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RE: Imidan odor

Thanx guys

I wanted to make sure that the prices I was seeing ($85- $95) was right.

Mike


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RE: Imidan odor

They are. Harvestman was getting the previously packaged 4 lb. for $35 back in 2009. I'm thinking that's not the case anymore, otherwise someone would be remarketing on ebay for enormous profit. How much were you looking to buy Mike?


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RE: Imidan odor

Look up CPS and call them about their pricing. The problem is they can't ship it anymore, as I recall. At least you'd have a ballpark figure, but pesticide prices have gone up quite a bit even with the old standbys.


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RE: Imidan odor

Google Keystone Pest Solutions, they have 5lbs bags of Imidan for $72


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RE: Imidan odor

Someone here should buy a 5 pound bag and split it up, sending carefully packaged pound bags to other co-buyers. At a tablespoon per gallon one pound should last quite a while.

Olpea is right about the problem with plant bugs, which seem to be more and more numerous- especially stink bugs, but Imidan is still great on coddling moth and curculio.


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RE: Imidan odor

wine-maker...you're right Keystone has it for $72, but the cheapest shipping would have cost me $15. They sell on ebay also.The cheapest out there was from Sunshine Gardens Punta Gorda, FL @ $85 W/free shipping.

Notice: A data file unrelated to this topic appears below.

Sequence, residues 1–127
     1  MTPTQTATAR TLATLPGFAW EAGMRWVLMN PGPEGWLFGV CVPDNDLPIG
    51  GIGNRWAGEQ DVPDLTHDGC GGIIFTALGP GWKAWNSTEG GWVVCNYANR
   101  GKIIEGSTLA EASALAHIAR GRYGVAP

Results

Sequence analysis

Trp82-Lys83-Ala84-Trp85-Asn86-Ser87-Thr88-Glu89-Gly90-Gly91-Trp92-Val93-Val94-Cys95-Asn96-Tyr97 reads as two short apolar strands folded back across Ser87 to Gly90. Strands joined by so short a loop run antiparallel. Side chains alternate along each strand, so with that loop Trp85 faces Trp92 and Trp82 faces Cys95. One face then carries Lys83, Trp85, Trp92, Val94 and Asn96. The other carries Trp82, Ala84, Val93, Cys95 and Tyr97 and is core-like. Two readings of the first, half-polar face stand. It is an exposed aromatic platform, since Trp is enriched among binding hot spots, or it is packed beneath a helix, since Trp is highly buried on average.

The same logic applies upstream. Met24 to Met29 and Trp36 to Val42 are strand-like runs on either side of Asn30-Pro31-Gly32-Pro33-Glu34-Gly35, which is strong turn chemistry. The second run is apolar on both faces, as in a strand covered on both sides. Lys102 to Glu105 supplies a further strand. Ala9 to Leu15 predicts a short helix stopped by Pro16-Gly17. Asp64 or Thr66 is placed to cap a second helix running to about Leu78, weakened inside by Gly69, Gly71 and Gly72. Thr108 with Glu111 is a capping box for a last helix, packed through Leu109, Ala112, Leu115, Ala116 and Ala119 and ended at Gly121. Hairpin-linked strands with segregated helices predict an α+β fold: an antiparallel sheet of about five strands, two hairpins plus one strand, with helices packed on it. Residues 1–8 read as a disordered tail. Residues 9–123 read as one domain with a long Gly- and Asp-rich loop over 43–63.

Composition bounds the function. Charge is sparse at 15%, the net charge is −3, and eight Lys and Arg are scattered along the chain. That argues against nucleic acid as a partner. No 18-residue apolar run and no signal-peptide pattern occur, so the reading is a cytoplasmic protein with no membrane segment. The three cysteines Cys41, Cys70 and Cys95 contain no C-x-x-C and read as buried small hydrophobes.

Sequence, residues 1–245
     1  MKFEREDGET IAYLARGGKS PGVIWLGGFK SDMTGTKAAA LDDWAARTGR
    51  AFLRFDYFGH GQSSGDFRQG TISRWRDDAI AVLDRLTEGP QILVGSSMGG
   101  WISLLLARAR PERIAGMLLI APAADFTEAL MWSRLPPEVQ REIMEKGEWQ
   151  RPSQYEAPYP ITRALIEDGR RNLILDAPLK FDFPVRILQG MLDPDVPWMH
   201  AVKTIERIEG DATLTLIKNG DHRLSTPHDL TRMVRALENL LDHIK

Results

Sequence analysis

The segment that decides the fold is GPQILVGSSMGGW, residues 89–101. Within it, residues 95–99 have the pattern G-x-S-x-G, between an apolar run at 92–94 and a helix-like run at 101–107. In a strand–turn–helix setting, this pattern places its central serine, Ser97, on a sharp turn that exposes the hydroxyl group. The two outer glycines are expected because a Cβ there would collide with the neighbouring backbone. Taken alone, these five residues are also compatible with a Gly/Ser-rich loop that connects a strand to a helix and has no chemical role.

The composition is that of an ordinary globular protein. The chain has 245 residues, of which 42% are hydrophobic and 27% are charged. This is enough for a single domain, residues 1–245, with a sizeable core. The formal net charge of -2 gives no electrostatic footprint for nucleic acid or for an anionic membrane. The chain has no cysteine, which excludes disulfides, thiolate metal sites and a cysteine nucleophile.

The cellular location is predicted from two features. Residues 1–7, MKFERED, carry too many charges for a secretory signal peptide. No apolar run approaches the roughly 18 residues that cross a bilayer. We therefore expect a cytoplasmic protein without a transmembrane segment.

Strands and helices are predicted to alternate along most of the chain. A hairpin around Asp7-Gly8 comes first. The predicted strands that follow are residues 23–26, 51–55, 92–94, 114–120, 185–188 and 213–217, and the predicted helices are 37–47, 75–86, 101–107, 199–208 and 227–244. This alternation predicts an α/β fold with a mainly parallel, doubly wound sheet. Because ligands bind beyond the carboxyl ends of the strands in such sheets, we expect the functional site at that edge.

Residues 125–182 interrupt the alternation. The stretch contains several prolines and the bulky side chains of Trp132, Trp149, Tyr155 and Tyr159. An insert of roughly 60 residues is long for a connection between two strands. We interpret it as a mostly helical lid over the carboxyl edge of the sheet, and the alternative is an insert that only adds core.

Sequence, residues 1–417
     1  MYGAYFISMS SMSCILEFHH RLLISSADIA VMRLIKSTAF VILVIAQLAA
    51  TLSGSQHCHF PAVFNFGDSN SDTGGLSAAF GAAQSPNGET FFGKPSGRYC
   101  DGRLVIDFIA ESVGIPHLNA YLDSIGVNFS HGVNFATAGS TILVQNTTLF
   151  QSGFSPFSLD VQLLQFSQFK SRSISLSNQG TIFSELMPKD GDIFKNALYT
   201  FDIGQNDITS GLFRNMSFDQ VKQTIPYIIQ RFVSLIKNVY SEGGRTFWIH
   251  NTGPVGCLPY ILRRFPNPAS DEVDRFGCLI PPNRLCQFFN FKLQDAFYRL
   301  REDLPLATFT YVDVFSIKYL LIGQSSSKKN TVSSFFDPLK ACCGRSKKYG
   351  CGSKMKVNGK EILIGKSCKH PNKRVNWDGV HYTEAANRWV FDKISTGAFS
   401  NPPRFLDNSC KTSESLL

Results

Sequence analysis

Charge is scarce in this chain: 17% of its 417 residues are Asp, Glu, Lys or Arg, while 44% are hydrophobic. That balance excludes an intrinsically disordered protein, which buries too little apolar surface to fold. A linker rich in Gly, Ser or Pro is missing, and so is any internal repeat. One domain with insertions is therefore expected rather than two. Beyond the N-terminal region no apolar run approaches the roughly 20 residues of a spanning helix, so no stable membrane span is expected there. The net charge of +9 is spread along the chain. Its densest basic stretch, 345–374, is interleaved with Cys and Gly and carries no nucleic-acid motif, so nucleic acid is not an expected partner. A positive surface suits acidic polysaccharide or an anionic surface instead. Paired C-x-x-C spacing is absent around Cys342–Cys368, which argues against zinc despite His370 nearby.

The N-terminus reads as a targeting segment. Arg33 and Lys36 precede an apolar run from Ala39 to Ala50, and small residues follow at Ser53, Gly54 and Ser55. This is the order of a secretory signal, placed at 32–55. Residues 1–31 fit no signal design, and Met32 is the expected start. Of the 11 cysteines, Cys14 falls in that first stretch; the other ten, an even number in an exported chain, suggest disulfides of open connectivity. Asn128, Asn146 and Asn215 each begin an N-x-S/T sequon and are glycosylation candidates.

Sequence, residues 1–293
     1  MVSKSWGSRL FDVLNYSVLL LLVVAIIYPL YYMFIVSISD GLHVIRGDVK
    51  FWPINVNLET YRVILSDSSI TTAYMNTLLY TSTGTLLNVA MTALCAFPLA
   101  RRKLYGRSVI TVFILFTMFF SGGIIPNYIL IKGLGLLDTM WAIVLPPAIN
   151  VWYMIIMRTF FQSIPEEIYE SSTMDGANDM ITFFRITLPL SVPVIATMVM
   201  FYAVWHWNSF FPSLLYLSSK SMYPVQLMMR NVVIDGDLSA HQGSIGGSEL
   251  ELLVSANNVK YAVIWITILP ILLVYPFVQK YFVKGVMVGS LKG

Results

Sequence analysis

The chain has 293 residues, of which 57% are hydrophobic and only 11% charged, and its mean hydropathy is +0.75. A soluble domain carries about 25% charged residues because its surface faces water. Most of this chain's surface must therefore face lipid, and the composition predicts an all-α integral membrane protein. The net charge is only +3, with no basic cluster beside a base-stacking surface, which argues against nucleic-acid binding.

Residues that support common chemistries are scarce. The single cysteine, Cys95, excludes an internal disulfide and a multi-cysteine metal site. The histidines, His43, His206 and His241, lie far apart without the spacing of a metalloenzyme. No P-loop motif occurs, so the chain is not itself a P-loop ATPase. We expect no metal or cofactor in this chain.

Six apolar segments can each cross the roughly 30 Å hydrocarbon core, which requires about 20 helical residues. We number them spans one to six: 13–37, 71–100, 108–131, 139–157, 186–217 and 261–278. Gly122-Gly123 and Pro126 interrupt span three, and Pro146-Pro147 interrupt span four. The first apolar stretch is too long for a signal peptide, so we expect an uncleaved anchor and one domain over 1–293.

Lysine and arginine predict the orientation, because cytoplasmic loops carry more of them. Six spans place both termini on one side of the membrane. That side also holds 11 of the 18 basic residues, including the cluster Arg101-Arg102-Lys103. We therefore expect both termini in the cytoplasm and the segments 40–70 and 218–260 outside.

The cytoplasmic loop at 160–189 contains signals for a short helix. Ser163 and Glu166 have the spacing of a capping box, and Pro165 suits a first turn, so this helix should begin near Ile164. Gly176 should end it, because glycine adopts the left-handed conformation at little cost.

Imidan even showed a 40% mortality rate on BMSB, with I think another 40% moribund. That still left 20% unaffected however. I wanted it for it's powerful action against PC, it's really the only insect that OTC products have proven useless for me.
I'll maybe look into how much it would cost me to ship a pound of it if anyone is interested. I think I'd want to find a good plastic container to ship it in if anyone is interested.
It would take about $75 worth of triazicide to make 100 gals of spray and even then, with lower effectiveness and little PC control.


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RE: Imidan odor

And you can make about 600 gallons with 5 pounds of Imidan and it doesn't get stale in a couple of years like triazide.

Get a lifetime supply while it's still available, I say.


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RE: Imidan odor

speaking of shelf life harvestman; Do you know anything about the shelf life of myclobutanil? I just purchased 6 - 16 oz bottles of Immunox on ebay for $9.99 + shipping. I'm giving 3 bottles to a friend and I'll use the myclo in 2 seasons, so I think it will be ok.
It's the more recent 1.55% formulation.


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RE: Imidan odor

Most commercial pesticide liquid formulations that I've checked on have at least a 5 year shelf life, but for specifics there should be a customer service site for that product to let you know. The myclo I use is in powder form so I don't have much to worry about (beyond breathing the dust).